Our garden plan for this year. It’s a mix of square-foot gardening and succession planting, plus some container plants.

I’ve also splurged ($25 for a year) on the garden planner tool from Mother Earth News. In the little bit I’ve played around with it, the tools are really great, and it’s what I used to create the picture above. Some are harder to see, so I’ll explain what’s in each bed.

It looks very crowded because I have “all months” showing, but there is some succession planting going on here — the peas will be gone before the tomatoes need the room; the garlic will be pulled before the zucchini needs room to spread, etc.

We’re also going to use our “alternative pots,” which are basically old coffee containers and big buckets that used to contain cat litter. Everything will be washed and have holes drilled in the bottom for drainage.

(more…)

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It’s hard to think about gardening when temperatures are near zero with negative wind chills. We’re in Ohio and just got past the cold spell brought on by the “polar vortex.” But, that being said, we’re still thinking about the garden. There are two things I’m hoping happen with this deep freeze.

1. It kills any eggs/larva of the insects that destroyed many of our plants: squash vine borer, leaf hoppers, squash bugs and cucumber beetles. Especially the last one because those were awful this year.

2. Our garlic survives. We bought some on a whim and planted them a little later than we should have. I really hope they had time to set some roots before it got too cold.

We have another goal this year: to post more often. I have quite a few recipes, stories, plans for next year and other things to share from the past season.

Finally, I’ve noticed a lot of views coming from Australia and New Zealand recently, which makes sense because of the opposite seasons. So I’d like to say welcome! I hope you enjoy what you find here, and it helps your garden in some way!

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GardenPlanning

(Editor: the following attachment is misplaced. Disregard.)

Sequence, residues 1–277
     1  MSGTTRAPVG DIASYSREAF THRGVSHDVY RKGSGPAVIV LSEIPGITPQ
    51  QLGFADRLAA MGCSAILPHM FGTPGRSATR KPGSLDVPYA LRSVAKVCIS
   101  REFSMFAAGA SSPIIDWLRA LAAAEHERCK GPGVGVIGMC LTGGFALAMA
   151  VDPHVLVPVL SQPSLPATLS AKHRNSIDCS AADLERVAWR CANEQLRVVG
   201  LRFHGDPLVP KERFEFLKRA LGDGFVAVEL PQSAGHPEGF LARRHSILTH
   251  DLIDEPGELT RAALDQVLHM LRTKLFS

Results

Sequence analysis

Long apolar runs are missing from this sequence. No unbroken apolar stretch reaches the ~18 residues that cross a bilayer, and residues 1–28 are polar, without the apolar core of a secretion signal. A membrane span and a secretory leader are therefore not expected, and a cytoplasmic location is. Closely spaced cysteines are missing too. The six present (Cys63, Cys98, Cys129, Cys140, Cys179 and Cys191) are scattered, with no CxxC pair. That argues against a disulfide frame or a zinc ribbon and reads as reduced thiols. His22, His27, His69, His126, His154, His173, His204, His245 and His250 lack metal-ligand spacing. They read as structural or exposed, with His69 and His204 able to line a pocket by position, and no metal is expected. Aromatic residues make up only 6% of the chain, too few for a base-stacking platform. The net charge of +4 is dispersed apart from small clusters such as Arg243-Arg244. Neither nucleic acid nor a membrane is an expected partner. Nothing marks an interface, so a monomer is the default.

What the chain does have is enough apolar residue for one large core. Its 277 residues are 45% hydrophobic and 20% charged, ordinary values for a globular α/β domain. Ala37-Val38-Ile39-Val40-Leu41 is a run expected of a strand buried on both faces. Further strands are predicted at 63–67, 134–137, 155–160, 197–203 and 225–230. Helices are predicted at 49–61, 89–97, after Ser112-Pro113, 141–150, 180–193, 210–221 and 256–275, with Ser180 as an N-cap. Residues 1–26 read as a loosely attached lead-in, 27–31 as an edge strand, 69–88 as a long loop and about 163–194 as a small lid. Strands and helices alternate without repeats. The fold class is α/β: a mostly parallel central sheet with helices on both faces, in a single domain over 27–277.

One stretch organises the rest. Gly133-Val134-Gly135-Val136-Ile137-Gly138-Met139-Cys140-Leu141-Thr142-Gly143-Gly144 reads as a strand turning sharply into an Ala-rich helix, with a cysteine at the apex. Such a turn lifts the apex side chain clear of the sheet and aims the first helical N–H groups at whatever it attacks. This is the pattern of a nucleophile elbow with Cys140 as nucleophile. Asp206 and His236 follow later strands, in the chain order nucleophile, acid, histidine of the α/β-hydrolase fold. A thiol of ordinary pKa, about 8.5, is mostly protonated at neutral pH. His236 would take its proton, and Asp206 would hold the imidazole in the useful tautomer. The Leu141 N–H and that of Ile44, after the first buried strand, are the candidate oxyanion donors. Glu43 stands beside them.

This is pretty much what my last Saturday looked like. I spent hours reading about the needs of each plant, looking up companion plants and plotting our garden.

In addition to more planning, we’re also following the square-foot garden method. Not exactly, but we plan on spacing the vegetable plants a little closer than we have in the past.

Part of the problem is we have limited areas that get enough “full sun” for some of the vegetables to thrive, which makes full crop rotations more difficult. You can find a copy of our planting plan here, but I’ll explain some of the methodology below.

  • Bed 1 – Cucumbers will go up a trellis at the back with radishes planted in front to help deter the cucumber beetle. We’ll also plant 6-7 pepper plants here with space for spinach at the front.
  • Bed 2 – Peas are going in the ground soon, and when they’re done we’ll plant green beans. Using the “three sisters” plan from Native Americans, we’re also planting squash/zucchini here. We don’t grow corn, so ours is actually the “two sisters”
  • Bed 3 – Tomatoes with basil interspersed throughout. This is a smaller bed, so we’ll also plant some grape tomatoes in containers.
  • Bed 4 – Our other “nightshade” family bed. A couple more pepper plants with at least three eggplants. Also mixing in herbs like parsley, chives and thyme, which are supposed to be good companion plants.
  • Bed 5 – “Cole” crops, which don’t require as much sun like Brussels sprouts and broccoli. Also adding a row of sage and oregano to help deter cabbage butterflies, which devastated our plants last year.
  • Bed 6 – Spinach & lettuces. This bed gets morning sun but is otherwise shaded by the maple tree in our backyard. Also planting some herbs here that supposedly deter slugs (chives) and cabbage moths (dill).

We’re still relatively new at this, so any advice on our plan would be welcome!